Book reviews –

Book reviews — The United States and the Pacific Islands by John C. Dorrance

Petersen, Glenn

THE UNITED STATES AND THE PACIFIC ISLANDS. By John C. Dorrance. Washington, DC: Center for Strategic & International Studies and Westport: Praeger: 1992. xvii, 192 pp. US$37.95, cloth, ISBN 0-275-94471-9; US$14.95, paper, ISBN 0275-94472-7.

INHERENT in reviewing any book on policy is the problem of separating out one’s views concerning the policies themselves from the author’s portrayal and analysis of them. I should make two things clear at the outset. First, John Dorrance was an architect, advocate, and administrator of the policies he examines in this work. Second, I am among those misguided souls who had the temerity not merely to doubt but to voice opposition to those policies. It is not that Dorrance is uncritical of the American performance in the Pacific islands — he offers numerous criticisms of specific matters — but that he is incapable of providing any objective evaluation of the United States’ overall interests and goals in the area, and thus presents specific policy failures as isolated instances rather than as symptoms of larger problems.

Having stated these initial objections, however, I must then praise this as an unusually comprehensive work, reflecting Dorrance’s long U.S. Foreign Service experience in the Pacific. He considers U.S. relations with Australia, New Zealand, and the South Pacific island nation-states in terms of positions it has taken in its North Pacific territories, and vice versa. I know of no other work in recent years that has explored these relationships on such an extensive scale. American positions on issues such as the South Pacific Nuclear Free Zone, fishing treaties, and environmental concerns have largely been shaped with reference to Micronesia, but have in turn had significant impact on American dealings elsewhere in the region. The vulnerability of America’s status as a colonial power, to cite but one example, has shaped its extremely limited responses to French abuses in Polynesia and New Caledonia.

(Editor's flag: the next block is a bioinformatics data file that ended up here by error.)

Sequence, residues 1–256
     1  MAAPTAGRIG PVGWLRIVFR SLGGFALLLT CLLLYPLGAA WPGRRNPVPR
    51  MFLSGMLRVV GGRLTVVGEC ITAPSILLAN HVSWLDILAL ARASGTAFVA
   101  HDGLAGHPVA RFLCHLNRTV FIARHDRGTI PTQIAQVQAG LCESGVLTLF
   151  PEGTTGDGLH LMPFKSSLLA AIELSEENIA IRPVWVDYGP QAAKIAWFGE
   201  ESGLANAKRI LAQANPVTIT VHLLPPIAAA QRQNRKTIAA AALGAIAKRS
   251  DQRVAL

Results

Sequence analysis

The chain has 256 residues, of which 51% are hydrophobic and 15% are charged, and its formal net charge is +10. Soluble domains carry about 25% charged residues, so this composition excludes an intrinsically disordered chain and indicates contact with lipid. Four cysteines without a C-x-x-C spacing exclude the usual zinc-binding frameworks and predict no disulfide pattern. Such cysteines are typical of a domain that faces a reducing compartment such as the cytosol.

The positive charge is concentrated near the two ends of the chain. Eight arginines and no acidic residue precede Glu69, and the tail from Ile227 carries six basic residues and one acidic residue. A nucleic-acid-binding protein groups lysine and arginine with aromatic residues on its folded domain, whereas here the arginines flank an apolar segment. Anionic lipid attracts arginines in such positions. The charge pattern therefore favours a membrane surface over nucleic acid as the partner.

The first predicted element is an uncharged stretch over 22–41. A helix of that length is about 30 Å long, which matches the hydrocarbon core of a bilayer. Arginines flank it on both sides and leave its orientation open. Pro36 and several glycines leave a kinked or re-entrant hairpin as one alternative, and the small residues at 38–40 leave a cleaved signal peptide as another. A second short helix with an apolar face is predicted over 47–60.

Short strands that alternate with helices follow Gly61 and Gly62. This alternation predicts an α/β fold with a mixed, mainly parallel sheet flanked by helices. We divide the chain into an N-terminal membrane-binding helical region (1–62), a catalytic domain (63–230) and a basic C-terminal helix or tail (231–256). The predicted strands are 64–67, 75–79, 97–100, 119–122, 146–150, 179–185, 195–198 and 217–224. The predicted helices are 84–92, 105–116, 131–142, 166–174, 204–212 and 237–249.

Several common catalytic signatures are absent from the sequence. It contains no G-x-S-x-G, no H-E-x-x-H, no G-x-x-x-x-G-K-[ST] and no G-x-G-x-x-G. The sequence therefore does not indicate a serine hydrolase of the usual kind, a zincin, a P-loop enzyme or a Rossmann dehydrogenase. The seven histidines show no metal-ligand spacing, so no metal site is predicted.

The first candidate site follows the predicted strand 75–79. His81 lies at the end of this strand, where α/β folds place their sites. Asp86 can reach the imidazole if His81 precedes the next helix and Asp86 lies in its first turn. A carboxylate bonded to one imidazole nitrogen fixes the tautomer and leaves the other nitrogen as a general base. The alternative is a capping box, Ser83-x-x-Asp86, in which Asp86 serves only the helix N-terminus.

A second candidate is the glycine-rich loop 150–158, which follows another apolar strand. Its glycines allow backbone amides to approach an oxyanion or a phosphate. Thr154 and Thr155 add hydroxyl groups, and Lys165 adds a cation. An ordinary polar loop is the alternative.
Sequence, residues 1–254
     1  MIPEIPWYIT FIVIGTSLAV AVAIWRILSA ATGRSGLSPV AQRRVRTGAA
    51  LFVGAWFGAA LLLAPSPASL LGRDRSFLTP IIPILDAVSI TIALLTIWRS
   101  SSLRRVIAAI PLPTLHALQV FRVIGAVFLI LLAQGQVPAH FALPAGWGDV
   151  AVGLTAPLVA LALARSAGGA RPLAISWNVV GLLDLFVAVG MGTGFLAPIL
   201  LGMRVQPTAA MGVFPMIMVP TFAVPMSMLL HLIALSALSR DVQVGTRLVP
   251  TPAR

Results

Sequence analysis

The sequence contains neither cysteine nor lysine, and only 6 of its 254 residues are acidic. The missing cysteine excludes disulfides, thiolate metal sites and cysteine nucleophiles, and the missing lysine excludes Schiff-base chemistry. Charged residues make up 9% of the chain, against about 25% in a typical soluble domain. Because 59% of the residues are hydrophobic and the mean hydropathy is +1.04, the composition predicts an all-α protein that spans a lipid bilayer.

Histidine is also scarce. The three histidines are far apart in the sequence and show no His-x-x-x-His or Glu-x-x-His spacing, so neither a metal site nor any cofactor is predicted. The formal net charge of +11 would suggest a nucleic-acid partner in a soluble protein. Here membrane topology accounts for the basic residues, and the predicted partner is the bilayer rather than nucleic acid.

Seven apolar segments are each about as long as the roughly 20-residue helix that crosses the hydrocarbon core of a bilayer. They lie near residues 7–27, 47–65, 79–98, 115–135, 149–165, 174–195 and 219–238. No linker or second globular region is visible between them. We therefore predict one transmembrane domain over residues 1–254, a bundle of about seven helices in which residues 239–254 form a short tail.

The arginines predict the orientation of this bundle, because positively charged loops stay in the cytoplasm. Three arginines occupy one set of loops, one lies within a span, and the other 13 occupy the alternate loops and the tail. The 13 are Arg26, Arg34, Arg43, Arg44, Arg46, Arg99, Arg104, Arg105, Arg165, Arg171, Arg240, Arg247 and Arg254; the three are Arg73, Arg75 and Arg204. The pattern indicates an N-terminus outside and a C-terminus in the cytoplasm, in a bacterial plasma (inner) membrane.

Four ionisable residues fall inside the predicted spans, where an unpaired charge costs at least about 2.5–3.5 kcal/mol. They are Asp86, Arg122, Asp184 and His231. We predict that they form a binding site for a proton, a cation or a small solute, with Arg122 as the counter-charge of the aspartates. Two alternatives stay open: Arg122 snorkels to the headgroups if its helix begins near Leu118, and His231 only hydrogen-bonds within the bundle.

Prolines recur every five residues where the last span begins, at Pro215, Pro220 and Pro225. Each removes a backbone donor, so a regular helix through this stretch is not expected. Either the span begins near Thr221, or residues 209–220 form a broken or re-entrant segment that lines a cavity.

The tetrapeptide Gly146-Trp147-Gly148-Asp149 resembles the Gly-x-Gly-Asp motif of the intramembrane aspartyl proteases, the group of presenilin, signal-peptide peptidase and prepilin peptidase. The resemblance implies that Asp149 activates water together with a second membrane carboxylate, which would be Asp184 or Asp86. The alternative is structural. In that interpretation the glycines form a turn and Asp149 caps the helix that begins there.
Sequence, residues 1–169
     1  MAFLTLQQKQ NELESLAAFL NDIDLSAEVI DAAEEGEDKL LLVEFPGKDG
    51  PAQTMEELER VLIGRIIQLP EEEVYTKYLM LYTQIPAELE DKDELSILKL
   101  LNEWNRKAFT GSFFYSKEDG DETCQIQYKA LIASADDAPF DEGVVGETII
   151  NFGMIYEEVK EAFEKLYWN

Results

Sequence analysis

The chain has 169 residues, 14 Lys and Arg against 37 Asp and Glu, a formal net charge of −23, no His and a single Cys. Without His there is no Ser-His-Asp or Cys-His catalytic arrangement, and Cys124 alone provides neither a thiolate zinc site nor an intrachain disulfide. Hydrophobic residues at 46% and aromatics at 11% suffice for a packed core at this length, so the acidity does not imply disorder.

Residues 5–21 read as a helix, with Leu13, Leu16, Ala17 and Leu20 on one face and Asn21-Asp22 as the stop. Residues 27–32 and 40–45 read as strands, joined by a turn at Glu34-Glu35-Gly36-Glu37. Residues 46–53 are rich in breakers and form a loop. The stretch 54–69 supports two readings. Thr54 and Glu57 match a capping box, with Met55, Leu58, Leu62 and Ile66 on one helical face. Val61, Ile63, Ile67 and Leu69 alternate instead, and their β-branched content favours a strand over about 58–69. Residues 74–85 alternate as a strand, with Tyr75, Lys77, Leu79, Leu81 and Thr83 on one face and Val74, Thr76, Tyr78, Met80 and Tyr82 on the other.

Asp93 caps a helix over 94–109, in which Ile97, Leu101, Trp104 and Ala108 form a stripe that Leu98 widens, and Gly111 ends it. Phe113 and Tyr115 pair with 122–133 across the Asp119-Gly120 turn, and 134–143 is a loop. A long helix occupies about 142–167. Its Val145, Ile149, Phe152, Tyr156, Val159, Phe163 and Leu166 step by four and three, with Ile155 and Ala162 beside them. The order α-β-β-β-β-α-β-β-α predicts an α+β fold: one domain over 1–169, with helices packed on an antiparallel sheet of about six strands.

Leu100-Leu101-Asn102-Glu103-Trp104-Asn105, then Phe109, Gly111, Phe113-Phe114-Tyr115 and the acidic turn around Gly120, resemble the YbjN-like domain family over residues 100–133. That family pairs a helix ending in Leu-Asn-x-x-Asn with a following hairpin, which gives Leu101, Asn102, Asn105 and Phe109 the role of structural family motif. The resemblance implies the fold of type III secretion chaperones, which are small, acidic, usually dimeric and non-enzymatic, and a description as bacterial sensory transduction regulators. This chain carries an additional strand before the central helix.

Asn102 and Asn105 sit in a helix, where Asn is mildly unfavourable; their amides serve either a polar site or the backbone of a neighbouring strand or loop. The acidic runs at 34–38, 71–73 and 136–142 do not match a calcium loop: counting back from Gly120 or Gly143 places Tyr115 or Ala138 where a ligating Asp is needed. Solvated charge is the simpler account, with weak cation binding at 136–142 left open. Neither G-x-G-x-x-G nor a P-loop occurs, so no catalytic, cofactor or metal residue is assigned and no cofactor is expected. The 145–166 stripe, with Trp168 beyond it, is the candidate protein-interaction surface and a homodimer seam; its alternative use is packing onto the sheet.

Though Dorrance makes the primacy of U.S. strategic interests thoroughly clear, he somehow manages to forget the nature of those interests whenever he considers the old Soviet Union’s presence in the region. No matter what the activity — be it trade, education, or diplomacy — whatever the USSR undertook was in his view meddlesome and malevolent, while America’s Pacific overtures were invariably altruistic and beneficial.

Indeed, much of the book’s value lies in its stark account of the mindset that has directed nearly all postwar American dealings in the area.

Even though I disagree with so many of the book’s premises, I nevertheless acknowledge the general accuracy of its objective account. One crucial error, however, must be pointed out. The defense provisions of the Micronesian compacts of free association do not “run for fifteen years from 1986” (p. 84). They run until such time as there is mutual agreement to terminate them — i.e., in perpetuity if the U.S. so desires.

As a student of decolonization in American Micronesia, I am particularly grateful for Dorrance’s candid admission that the U.S. had no intention of ever allowing Micronesians to achieve independence. He writes, for instance, that “U.S. negotiators until the late 1970s also asserted that independence was not a political option available to Micronesia” (p. 83). While this sounds straightforward enough, it is not all that it appears to be. Throughout this period the U.S. was adamant in its refusal to admit that this was indeed its position, and American negotiators routinely dissembled on the matter for years. The notion that the Micronesians voluntarily entered into Free Association, which underpins both the moral and legal validity of the compacts between the Micronesians and the U.S., is belied by this admission; Micronesians had no choice other than outright annexation by the U.S. John Dorrance died before this work appeared in print. From my perspective, his greatest legacy is this refreshingly frank chronicle of America’s duplicity in the islands.

Copyright University of British Columbia Spring 1994

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